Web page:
Thursday, February 11, 2016

Playing hookie on a Thursday night

Shhh! Don't tell! I'm not at Breakaway tonight. I'm skipping because my social muscles are still tired from Tuesday's Mardi Gras pub run.

Earlier, I was sitting here, right where I am now, and I wrote a post about Valentine's Day. It was pretty damning, which was fine, but it was also out of character, which was not fine. I started to upset myself as I was writing it, because the things that I was writing were not me. There's no good that doesn't come with a little bad, so allow me to share a couple of downsides related to my job:
  1. I'm around people all day, which means my introverted self does not have enough time between a Tuesday pub run and a Thursday regular run to fully recharge.
  2. Most of those people that I'm around, all day and every day, have lived, and continue to live, much more "normal" lives than me. Far from being immune to social pressure (which is how I like to portray myself - don't buy into my bullshit because it's bullshit), I'm very susceptible to it. When I was younger, it wasn't so much that I succumbed to that pressure as I masked my insecurities through defensiveness and complaint (here is an excellent example of that). I assumed I had grown out of that aspect of my personality...but alas, no. All I needed was to insert myself into a new group of people to fruitlessly compare myself to.  
So instead of sharing the mess that came out of my fingertips tonight, I'm going to share something much nicer that I wrote about Valentine's Day a few years back, on a night when I didn't skip the Thursday run...

I wasn’t sure who all would show up when Valentine’s Day fell on a Thursday in 2013. There were several couples, and yes, several lonely hearts, but overall, it wasn’t all that different from any other Thursday night. And yet the occasion seemed to instill in us all an extra push to express our appreciation for being in each others’ lives.  

The first Valentine’s Day I was with Breakaway was 2011; it fell on a Monday and the Salty Dogs hosted a run/social. Initially, it was conceived as a simple group run followed by a meet-up at Bardog (no different from any other Monday). Then a scavenger hunt – done in teams – was thrown into the mix. And then somehow it turned into everyone showing up in their underwear.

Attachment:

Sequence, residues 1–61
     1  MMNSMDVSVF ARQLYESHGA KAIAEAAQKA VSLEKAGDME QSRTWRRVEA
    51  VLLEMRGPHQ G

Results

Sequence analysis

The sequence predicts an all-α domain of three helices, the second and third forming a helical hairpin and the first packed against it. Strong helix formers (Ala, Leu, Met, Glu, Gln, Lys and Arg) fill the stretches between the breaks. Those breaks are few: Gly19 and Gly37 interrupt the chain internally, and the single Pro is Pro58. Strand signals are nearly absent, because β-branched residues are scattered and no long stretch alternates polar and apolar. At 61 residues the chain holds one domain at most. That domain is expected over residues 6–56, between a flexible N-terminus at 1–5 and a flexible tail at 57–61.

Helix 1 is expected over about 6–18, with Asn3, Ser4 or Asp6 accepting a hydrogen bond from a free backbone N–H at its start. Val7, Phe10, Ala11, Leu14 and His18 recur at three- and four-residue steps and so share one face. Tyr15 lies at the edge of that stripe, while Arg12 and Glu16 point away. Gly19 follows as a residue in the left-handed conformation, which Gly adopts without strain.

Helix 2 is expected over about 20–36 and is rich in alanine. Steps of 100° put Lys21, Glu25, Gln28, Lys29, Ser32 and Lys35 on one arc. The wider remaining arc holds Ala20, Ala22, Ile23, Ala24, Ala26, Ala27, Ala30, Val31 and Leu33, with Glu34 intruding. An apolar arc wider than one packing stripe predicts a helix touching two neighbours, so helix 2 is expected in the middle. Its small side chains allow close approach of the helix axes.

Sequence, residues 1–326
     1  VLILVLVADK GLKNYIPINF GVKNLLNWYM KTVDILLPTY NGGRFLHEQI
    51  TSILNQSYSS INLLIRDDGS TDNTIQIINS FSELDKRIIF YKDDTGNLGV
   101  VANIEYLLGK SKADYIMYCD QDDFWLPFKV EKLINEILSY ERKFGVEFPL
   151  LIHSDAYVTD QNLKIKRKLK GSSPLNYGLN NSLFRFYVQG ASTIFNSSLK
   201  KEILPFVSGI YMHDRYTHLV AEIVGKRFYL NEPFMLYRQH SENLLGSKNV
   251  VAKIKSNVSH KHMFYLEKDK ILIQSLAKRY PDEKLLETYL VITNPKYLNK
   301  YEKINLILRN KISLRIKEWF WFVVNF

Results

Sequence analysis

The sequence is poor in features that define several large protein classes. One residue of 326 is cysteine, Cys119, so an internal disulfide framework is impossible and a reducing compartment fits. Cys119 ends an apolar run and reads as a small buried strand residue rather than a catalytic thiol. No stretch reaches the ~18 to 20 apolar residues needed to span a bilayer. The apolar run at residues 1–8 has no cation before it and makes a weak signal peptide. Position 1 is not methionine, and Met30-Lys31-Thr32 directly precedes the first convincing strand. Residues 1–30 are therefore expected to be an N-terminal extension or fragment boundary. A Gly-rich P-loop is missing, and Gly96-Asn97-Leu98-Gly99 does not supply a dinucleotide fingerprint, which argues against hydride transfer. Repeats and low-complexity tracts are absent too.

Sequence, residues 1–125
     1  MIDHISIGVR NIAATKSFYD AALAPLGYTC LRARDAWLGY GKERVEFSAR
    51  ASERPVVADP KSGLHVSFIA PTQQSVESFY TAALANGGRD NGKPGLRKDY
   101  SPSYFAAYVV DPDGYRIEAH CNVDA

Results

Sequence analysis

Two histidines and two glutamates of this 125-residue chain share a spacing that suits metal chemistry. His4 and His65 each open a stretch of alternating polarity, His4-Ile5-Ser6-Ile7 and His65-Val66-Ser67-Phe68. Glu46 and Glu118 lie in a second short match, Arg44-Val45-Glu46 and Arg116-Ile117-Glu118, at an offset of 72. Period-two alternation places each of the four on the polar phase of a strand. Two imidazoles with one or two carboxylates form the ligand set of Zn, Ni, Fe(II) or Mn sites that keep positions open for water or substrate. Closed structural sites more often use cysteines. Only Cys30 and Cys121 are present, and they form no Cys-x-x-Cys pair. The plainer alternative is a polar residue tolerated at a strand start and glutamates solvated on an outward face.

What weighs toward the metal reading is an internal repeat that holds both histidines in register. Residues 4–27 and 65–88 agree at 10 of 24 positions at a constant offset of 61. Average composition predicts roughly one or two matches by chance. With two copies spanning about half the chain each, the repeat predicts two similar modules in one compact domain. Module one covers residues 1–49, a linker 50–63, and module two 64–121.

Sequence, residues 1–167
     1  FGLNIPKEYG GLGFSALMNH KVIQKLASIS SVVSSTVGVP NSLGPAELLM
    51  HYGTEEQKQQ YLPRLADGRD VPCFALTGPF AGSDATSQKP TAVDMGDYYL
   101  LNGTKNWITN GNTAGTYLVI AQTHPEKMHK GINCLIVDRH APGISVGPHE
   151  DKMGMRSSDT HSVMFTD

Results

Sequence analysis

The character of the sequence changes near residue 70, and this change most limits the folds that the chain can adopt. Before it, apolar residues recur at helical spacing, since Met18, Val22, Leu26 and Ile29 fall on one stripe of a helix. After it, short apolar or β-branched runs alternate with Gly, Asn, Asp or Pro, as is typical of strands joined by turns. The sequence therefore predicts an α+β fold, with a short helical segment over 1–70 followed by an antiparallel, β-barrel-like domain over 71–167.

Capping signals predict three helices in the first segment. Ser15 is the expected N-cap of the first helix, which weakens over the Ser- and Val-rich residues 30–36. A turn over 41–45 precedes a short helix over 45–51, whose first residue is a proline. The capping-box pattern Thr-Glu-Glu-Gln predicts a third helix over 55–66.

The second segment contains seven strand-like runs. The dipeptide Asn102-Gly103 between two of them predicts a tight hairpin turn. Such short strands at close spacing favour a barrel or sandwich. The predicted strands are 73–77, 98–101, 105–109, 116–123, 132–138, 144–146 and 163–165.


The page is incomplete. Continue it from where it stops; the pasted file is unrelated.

I did not attend. (Running around in your underwear and then drinking afterward did not sound like Valentine's Day to me. It sounded like the month of August.)

A year later, in 2012, it was a Tuesday; I went to the track workout and it was a light crowd. I wound up at a bar around the corner with two guys, chugging pitchers of beer, and left feeling bereft in a way I never would have had I gone directly home.  

But 2013 was a night I needed, filling me with a calm appreciation that this truly was a secondary family for me. Sometimes we fought and sometimes we got sick of each other and sometimes we needed a break, but we also looked out for each other and were pleased to see each other and legitimately wished each other well in our respective metaphorical and literal journeys.  

The psychologists were right. It really is wonderful to feel part of a group. And that night, I did. I felt as if whatever else in my life was going on, there was at least consistency here, in this cluster of like-minded people. Sometimes it’s enough just to show up, just to do the same thing that other people are doing, and to be able to smile at the end of it because you belonged.

As I stood surveying the room, [a friend] walked in from his run, stopping to give me shit about politics, and as I did my duty in refuting him, I thought back to the days when I first started coming here, wondering if I could have ever envisioned that I would be here now. That I would have such affection for these people. That I would stand next to [this guy] and talk about politics on Valentine’s Day. He reached over and grabbed my arm as he made his way to leave.  

“Happy Valentine’s Day!” he said, and I smiled at the purity of it all. It was okay. Everything was okay.  On this day when no one was supposed to be alone, none of us were.

There was peace in that.

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